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Hankering for More Help

Did you go see The Help on the big screen? USA today called it a "surprise summer hit," far surpassing attendance expectations for a mid-budget drama this time of year. Of course, those of us who loved the book aren't surprised! If the movie has whetted your appetite for some read-alikes, you may want to try these.

The Secret Life of Bees by Sue Monk Kidd
secret life of bees.jpg Lily Owens is a white girl living in the South in the mid-60s whose mother has died in a tragic accident. Her family's maid, Rosaleen, protects her until a racial incident puts them on the run. They are taken in by the beekeeping Boatwright sisters, who teach them about love, family, and womanhood in a story that is both beautiful and empowering.


The Hotel on the Corner of Bitter and Sweet by Jamie Ford
hotel on the corner of bitter and sweet.jpg Although set against a different backdrop than The Help, this book also explores the impact racial discrimination has on relationships throughout our lives. Chinese-American Henry Lee recalls his first childhood love, Japanese-American Keiko Okabe, whose family was placed in an internment camp during World War II.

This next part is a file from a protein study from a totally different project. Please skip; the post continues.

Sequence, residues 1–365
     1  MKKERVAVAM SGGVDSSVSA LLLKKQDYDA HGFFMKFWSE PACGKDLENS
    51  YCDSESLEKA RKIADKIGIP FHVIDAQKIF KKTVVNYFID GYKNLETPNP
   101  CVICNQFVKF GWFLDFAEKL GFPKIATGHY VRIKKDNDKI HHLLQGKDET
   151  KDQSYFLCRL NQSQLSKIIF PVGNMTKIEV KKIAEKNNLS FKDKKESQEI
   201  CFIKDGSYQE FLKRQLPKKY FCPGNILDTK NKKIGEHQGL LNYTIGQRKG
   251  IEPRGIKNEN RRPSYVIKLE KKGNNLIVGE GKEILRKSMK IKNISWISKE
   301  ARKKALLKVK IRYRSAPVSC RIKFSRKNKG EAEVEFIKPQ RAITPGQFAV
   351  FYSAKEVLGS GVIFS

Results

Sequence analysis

Crooked Letter, Crooked Letter by Tom Franklin
crooked letter.jpg One of the criticisms leveled at The Help is that it portrays only a small slice of the Jim Crow experience, glossing over the harsher realities faced by many African Americans. If you're looking for a more complex, hard-edged examination of Southern race relations, this sophisticated crime drama both explores and rejects our stereotypes and prejudices. Two childhood friends, one black and one white, are torn about when the white boy is accused (though never convicted) of murder. Many years later, when another girl goes missing in their town, the two men are forced to face each other again.


Submitted by Audrey @ Forest Home


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This page contains a single entry from the blog posted on August 31, 2011 8:24 AM.

The previous post in this blog was The Wolverine Way by Douglas Chadwick (c2010).

The next post in this blog is Fix, Freeze, Feast by Kati Neville and Lindsay Tkacsik.

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